On a nice day like today, lawn tractors served as easy chairs.

This sign, 18" wide, went for $675.

This sign, 18″ wide, went for $675.

I'd been needing a few large twist drills lately, but I think I'm all set now.

I’d been needing a few large twist drills lately, but I think I’m all set now.

fri may 18
Two of the four Kawasaki carburetor float bowls leak. Just a little, but I don’t like gas drip drip dripping onto the engine. I determined that it’s not the drain, but the overflow tube that’s leaking, so I made a little clamp to help to remove it, so I can epoxy it back in, gas-tight.
Naturally, when I pulled on it, the tube broke off at the base of the stem.
Just shoot me.
Upon inspection, it turns out that the brass tube was not a tube at all, but a sheet rolled into a cylinder, with a seam on the side that’s supposed to be watertight. Yeah right.
I ordered a foot of tubing online, and I’m hoping to fabricate a fix that’s better than the original.

The float bowl, the broken overflow tube, and the clamp that didn't work. Note the crack in the seam where the gas leaks out.

The float bowl, the broken overflow tube, and the clamp that didn’t work.
Note the crack in the tube seam where the gas leaks out.

tue may 22
After a lot of experimenting and a lot of mistakes, I finally have a process which “seems to sort of work” for making a carbon fiber forearm.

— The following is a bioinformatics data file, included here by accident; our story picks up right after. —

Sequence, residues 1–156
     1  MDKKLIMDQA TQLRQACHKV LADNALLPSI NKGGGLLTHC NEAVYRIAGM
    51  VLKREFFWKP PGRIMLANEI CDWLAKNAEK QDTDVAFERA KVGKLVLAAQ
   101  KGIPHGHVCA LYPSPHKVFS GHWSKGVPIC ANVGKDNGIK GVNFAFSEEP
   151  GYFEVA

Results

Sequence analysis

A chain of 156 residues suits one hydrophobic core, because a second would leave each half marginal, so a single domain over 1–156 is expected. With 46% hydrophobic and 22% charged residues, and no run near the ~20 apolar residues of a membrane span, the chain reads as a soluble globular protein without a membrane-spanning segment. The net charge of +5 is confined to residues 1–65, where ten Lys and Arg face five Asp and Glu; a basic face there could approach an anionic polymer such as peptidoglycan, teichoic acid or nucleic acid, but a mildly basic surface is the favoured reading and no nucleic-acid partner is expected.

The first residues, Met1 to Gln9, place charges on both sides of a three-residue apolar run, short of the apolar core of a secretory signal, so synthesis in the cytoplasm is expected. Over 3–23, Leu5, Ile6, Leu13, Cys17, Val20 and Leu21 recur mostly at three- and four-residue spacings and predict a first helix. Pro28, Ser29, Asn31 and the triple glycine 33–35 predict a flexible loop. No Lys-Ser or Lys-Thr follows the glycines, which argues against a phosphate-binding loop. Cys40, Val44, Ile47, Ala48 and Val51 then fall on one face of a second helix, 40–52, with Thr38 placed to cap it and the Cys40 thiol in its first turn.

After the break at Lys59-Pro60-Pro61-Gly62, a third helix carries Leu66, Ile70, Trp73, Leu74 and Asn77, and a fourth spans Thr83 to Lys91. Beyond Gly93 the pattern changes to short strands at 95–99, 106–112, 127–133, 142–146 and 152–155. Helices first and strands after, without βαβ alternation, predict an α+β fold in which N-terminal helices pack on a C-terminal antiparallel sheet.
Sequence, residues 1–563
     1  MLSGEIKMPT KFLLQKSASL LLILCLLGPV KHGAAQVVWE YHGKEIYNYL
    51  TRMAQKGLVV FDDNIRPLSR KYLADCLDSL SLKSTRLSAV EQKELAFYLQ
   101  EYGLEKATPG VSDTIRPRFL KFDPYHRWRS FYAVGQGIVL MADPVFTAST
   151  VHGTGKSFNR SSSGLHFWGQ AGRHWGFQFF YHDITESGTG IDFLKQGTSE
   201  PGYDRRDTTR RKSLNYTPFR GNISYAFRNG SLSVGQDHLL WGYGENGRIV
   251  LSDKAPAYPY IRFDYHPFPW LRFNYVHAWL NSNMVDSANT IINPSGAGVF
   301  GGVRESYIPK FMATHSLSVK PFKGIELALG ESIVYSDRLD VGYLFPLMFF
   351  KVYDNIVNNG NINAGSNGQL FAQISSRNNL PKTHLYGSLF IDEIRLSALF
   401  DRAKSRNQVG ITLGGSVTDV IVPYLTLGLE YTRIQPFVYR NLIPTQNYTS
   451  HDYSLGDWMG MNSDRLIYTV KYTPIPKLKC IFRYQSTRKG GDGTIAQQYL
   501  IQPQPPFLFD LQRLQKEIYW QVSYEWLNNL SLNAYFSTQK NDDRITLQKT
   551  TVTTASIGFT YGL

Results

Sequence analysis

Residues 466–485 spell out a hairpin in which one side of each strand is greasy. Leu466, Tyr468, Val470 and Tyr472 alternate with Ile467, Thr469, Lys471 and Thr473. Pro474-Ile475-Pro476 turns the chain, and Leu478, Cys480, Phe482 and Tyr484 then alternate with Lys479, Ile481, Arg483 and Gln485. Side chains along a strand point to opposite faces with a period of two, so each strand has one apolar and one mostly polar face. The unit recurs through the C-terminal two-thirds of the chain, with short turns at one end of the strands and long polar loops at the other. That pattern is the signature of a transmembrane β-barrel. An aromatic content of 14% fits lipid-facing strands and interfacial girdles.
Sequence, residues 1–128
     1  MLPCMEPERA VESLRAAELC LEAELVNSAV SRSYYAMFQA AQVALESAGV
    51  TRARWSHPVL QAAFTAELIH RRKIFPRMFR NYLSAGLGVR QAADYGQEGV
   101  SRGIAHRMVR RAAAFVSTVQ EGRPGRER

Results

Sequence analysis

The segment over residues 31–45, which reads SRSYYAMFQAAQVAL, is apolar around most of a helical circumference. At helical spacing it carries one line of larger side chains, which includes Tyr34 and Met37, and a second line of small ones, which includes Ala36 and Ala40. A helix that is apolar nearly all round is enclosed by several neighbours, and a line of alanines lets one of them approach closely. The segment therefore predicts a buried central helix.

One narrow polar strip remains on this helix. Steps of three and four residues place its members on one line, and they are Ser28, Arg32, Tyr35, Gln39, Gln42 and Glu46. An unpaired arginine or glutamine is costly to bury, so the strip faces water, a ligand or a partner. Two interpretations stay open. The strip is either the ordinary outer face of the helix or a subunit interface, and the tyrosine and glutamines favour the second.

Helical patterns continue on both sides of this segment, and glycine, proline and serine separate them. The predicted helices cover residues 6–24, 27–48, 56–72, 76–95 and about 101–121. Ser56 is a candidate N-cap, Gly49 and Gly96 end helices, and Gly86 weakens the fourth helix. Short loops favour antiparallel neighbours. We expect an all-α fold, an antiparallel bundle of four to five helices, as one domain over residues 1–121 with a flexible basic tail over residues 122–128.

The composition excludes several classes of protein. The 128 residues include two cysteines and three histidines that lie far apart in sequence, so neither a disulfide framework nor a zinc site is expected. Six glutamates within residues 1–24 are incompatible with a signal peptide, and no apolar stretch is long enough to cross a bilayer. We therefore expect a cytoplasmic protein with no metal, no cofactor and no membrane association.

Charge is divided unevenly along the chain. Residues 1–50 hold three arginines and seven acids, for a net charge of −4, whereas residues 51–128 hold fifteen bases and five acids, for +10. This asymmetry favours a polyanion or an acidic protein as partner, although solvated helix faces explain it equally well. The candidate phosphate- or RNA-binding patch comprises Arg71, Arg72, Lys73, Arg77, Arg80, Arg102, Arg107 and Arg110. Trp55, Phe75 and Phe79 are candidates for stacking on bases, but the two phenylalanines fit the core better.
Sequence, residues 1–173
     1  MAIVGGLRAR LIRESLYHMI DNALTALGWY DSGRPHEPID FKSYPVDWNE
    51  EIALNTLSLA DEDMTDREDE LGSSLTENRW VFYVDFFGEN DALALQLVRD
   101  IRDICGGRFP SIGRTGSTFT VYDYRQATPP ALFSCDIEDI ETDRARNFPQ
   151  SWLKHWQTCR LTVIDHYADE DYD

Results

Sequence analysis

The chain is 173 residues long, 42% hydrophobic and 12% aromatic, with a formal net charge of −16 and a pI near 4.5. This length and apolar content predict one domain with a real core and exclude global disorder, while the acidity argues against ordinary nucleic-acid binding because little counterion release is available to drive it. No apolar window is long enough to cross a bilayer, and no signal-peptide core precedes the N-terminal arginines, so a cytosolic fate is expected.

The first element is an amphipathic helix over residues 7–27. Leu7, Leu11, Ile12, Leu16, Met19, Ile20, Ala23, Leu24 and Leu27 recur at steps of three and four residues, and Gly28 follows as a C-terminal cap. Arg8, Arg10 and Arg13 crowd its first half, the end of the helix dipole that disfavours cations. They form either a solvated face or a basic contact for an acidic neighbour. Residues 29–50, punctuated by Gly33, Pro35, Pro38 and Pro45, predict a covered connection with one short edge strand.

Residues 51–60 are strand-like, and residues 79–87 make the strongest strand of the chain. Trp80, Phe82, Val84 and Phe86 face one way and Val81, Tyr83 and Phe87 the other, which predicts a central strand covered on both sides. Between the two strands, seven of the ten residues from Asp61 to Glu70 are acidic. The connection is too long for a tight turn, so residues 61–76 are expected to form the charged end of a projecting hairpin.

1. Cast an oversized blank using jewelery investment plaster
  2. Machine it to shape while it’s still ‘green’
  3. Calcinate the plaster by running it thru a self-cleaning cycle in the oven
  4. Paint the whole thing with RTV ‘plier dip’ rubber.
  5. Give it 4 or 5 coats of buffed parting wax
  6. Add a coat of poly vinyl alcohol
  7. Apply carbon fiber cloth and epoxy

(Believe me: there’s a trial and an error behind every one of those steps)

Did you know that Aqua Net hair spray is mostly PVA and is supposed to be a decent epoxy mold  parting agent? It didn't work for me, though, and I sprung for a can of industrial strength PVA.

Did you know that Aqua Net hair spray is mostly PVA and is supposed to be a decent epoxy mold parting agent?
It didn’t work for me, though, and I sprung for a can of industrial strength PVA.

I machined the corrugations into the green plaster and mounted it in the oven. By a happy coincidence, the 3D hypotenuse of the oven is barely long enough to hold the mold.  I ran it thru a self-clean cycle, and it came out in one piece.